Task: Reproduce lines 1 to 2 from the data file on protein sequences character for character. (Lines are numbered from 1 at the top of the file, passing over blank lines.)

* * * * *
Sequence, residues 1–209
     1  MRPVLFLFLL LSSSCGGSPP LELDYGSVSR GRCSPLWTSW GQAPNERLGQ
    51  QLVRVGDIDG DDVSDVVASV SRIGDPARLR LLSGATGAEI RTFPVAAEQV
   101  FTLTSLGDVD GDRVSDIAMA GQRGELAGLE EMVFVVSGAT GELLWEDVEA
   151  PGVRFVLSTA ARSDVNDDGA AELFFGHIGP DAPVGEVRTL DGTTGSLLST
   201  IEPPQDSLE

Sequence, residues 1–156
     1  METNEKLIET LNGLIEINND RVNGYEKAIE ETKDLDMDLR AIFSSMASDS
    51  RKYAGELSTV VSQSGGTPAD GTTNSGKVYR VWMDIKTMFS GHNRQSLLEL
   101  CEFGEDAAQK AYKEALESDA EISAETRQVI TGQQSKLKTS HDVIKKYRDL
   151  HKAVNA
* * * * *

Sequence, residues 1–209
     1  MRPVLFLFLL LSSSCGGSPP LELDYGSVSR GRCSPLWTSW GQAPNERLGQ